Daniel H. Pink (When: The Scientific Secrets of Perfect Timing)
through conferences (held 4 times) and seminars (held in 5 regions) attended by broadcasting businesses
While having information is a crucial first step, more information isn´t necessarily better. Take a look at your bookshelves and the list of seminars you have attended. If you have read more than one book about a subject or attended more than one seminar but still haven’t reached your goals, then your problem is not lack of information but rather lack of implementation.
Gudjon Bergmann
To position yourself as an expert, learn everything you can about a subject. Develop your knowledge: read books, attend classes, listen to your market, get training, attend seminars, find a mentor, join a mastermind group of like-minded individuals, watch videos, and study.
Susan C. Young (The Art of Preparation: 8 Ways to Plan with Purpose & Intention for Positive Impact (The Art of First Impressions for Positive Impact, #2))
What is common to all of these examples is the way people’s behavior depends on how many are behaving a particular way, or how much they are behaving that way—how many attend the seminar how frequently
Thomas C. Schelling (Micromotives and Macrobehavior (Fels Lectures on Public Policy Analysis))
Dear Young Black Males… I encourage you to NOT spend your money frivolously. It’s imperative that you save and invest, too! Don’t be so easily flattered by materiel things that hold no value. It’s time to think and plan long-term! Be inspired about building wealth by reading, taking classes, attending seminars, watching YouTube videos, following reputable people online that specialize in investing and finances, getting a mentor, etc. I cannot stress it enough… Utilize your mind, and educate yourself about money! Upgrade your thinking, young Kings! Shoes, clothes, jewelry, cars, and the latest gadgets are of no real value to you. Focus on building assets!
Stephanie Lahart
How Long Will It Take? You can’t blame people for wanting instant results. Time is money, and quickness, especially quick OODA loops, is good. But when it comes to adopting maneuver conflict / Boyd’s principles to your business, there is a lot to be learned and a lot to be done. Consider that: •   According to its principle creator, Taiichi Ohno, it took 28 years (1945-1973) to create and install the Toyota Production System, which is maneuver conflict applied to manufacturing. •   It takes roughly 15 years of experience—and recognition as a leader in one’s technical field—to qualify as a susha (development manager) for a new Toyota vehicle.150 •   Studies of people regarded as the top experts in a number of fields suggest that they practice about four hours a day, virtually every day, for 10 years before they achieve a recognized level of mastery.151 •   It takes a minimum of 8 years beyond a bachelor’s degree to train a surgeon (4 years medical school and 4 or more years of residency.) •   It takes four to six years on the average beyond a bachelor’s degree to complete a Ph.D. •   It takes three years or so to earn a black belt (first degree) in the martial arts and four to six years beyond that to earn third degree, assuming you are in good physical condition to begin with. •   It takes a bare minimum of five years military service to qualify for the Special Forces “Green Beret” (minimum rank of corporal / captain with airborne qualification, then a 1-2 year highly rigorous and selective training program.) •   It takes three years to achieve proficiency as a first level leader in an infantry unit—a squad leader.152 It is no less difficult to learn to fashion an elite, highly competitive company. Yet for some reason, otherwise intelligent people sometimes feel they should be able to attend a three-day seminar and return home experts in maneuver conflict as applied to business. An intensive orientation session may get you started, but successful leaders study their art for years—Patton, Rommel, and Grant were all known for the intensity with which they studied military history and current campaigns. Then-LTC David Hackworth had commanded 10 other units before taking over the 4th Battalion, 39th Infantry in Vietnam in 1969, as he described in Steel My Soldiers’ Hearts. You may also recall the scene in We Were Soldiers where LTC Hal Moore unloaded armfuls of strategy and history books as he was moving into his quarters at Ft. Benning. At that point, he had been in the Army 20 years and had commanded at every level from platoon to battalion.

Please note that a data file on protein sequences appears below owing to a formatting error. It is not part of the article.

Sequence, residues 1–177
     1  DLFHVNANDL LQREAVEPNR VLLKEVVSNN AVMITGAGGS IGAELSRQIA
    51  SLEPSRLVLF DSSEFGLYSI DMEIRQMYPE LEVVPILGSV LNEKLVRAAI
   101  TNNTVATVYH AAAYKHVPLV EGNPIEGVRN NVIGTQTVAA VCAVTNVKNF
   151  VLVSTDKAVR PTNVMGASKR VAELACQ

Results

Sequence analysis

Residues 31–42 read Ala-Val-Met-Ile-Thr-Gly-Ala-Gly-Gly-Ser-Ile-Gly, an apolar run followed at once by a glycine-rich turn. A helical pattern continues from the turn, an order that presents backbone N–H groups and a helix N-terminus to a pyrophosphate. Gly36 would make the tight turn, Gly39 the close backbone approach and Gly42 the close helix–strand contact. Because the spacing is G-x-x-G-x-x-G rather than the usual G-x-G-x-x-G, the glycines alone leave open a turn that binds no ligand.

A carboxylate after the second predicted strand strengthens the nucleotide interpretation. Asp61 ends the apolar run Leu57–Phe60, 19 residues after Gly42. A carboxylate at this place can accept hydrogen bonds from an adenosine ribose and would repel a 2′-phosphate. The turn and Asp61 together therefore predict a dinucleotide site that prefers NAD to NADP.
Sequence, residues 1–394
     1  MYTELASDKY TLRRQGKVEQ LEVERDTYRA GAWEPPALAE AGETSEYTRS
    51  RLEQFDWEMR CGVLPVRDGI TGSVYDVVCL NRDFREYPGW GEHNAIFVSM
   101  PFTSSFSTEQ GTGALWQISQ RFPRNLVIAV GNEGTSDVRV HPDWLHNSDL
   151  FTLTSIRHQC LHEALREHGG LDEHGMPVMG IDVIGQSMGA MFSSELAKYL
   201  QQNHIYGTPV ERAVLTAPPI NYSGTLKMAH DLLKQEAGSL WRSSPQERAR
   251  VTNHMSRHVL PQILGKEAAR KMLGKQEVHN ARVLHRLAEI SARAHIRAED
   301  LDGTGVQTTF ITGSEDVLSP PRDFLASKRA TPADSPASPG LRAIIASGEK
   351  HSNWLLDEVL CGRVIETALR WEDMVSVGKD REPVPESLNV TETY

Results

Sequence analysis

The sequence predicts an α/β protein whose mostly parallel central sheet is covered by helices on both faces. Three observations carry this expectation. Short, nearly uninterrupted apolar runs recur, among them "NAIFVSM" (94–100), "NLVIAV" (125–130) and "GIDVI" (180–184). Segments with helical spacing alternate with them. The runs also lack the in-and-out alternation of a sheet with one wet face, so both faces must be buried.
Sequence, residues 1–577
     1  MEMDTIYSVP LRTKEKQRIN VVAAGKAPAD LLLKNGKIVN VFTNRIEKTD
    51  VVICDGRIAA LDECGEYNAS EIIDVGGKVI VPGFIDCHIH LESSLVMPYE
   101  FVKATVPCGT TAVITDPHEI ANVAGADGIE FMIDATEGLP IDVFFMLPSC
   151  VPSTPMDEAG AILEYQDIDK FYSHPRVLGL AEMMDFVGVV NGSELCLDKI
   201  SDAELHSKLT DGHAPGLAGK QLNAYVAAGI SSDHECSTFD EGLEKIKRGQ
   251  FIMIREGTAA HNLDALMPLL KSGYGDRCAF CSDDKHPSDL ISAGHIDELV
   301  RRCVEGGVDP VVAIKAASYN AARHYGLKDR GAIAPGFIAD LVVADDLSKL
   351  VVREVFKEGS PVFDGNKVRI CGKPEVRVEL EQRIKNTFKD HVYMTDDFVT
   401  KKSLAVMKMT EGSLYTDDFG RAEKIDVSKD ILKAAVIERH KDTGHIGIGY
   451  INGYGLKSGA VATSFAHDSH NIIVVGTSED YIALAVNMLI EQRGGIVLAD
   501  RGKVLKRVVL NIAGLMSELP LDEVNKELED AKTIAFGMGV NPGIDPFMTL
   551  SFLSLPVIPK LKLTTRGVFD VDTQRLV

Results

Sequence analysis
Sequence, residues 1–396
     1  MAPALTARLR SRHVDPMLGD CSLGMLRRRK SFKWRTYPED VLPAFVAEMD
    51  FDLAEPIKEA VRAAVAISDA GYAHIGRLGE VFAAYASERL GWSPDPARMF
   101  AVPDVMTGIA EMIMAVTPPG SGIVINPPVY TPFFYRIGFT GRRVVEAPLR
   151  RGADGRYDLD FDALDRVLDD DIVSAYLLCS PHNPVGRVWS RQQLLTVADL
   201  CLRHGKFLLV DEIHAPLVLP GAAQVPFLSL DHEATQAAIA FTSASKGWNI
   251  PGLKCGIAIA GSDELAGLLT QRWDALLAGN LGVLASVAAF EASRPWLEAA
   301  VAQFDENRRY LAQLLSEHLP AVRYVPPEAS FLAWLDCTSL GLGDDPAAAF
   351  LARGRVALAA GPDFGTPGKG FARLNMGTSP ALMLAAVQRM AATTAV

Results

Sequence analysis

Chet Richards (Certain to Win: The Strategy of John Boyd, Applied to Business)
Freedom and responsibility themselves are at stake. One does not find freedom or enact responsibility by surrendering to another’s conceptualization of these ideas. Living out the rules of conscience laid down by someone else for the attainment of an unquestioned goal, a freedom designed and articulated by someone else, is the surrender of human imagination and intuition. In the more extreme versions of this, we end up with a collective momentum resulting in events such as Nazi extermination of millions of Jews, the Inquisition, or similar events recently in Africa and elsewhere. That comes from allocating one’s conscience to someone else, not attending to one’s own deeper intuitive sense of right and wrong.
Darrell Calkins